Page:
Spread on cooled bread and top with nuts.

*This is a very forgiving recipe, use more sugar if you want it sweeter or less if you want it tangier.

Tuesday, August 21, 2012

TWD - Popovers

Well...what to say...popovers, ya. Oh, I did as I promised and followed the recipe. Well, I did not change the ingredients. I did change up the preparation just a smidge. Nothing too crazy, but I forgot to pull out my eggs before I started and they are supposed to be room temp. So I heated the milk and eggs together, but in my defense I had read that that helps them pop and oh did mine pop! I was pretty excited about them. I hadn't made popovers before, so I was 50/50 on the achievement of success. But success I achieved!

pop goes the popover

So when I pulled those beauties out of the oven and proceeded to crack one open, I looked inside and thought what happened? Where did the guts go? Well no guts, no glory. I was not enthralled with these. Apparently they are supposed to be slightly hollow, but where's the flavor? I ask you, please, tell me where is the flavor?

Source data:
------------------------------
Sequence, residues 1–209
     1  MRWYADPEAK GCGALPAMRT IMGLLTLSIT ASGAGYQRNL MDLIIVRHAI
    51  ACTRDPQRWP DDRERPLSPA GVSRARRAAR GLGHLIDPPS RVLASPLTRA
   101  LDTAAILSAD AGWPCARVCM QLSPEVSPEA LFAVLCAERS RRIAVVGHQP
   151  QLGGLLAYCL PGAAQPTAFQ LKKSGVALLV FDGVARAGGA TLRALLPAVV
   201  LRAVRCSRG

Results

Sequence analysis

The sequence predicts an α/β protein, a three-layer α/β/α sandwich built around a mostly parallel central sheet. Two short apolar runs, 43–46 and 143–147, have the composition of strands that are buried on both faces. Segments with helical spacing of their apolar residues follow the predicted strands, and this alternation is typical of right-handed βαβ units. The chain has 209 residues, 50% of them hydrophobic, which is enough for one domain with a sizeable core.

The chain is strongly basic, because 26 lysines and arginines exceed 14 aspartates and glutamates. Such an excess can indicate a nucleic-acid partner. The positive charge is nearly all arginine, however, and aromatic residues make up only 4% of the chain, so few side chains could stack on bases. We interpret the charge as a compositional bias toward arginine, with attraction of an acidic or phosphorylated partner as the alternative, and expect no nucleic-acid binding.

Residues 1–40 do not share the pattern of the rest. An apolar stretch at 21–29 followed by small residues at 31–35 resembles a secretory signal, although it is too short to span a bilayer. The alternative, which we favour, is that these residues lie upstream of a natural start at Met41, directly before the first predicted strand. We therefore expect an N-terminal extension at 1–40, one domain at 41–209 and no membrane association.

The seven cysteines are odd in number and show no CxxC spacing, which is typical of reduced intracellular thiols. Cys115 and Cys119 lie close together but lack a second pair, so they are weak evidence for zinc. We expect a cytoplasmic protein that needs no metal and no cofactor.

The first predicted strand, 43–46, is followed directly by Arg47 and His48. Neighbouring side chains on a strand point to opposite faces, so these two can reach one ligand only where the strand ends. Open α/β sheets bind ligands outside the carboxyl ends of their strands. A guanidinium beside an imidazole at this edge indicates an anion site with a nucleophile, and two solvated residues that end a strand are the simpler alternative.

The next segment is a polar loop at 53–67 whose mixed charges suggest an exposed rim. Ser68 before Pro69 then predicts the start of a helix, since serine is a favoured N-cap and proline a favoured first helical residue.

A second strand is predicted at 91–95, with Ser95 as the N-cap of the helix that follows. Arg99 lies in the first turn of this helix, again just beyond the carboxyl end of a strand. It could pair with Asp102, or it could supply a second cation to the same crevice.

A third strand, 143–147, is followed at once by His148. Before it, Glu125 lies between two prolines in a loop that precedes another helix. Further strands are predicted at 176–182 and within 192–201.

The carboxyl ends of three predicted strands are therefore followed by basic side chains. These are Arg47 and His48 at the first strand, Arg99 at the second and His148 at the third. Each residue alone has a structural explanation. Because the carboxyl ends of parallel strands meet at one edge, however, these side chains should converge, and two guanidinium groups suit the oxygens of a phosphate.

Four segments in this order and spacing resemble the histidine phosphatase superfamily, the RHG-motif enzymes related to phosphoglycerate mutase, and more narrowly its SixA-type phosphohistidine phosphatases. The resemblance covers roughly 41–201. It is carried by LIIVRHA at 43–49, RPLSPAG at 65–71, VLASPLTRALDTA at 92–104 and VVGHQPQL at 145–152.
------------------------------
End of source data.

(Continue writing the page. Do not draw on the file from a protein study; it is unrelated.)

Maybe you could give this recipe a shot and tell me if yours have flavor?

Vintage Kitchen Notes http://www.vintagekitchennotes.blogspot.com/2012/08/popovers-twd.html

Bake with Amy http://bakewithamy.wordpress.com/2012/08/21/tuesdays-with-dorie-popovers/

Sorry for the short post, I'm sleepy.


Thursday, August 16, 2012

My Favorite Cookie

Nope, not chocolate chip or oatmeal raisin. It's not sugar cookies or snickerdoodles. It's a palmier. Yes, the palmier. Not easily found in the stores or bakeries or anywhere really, but it's the one.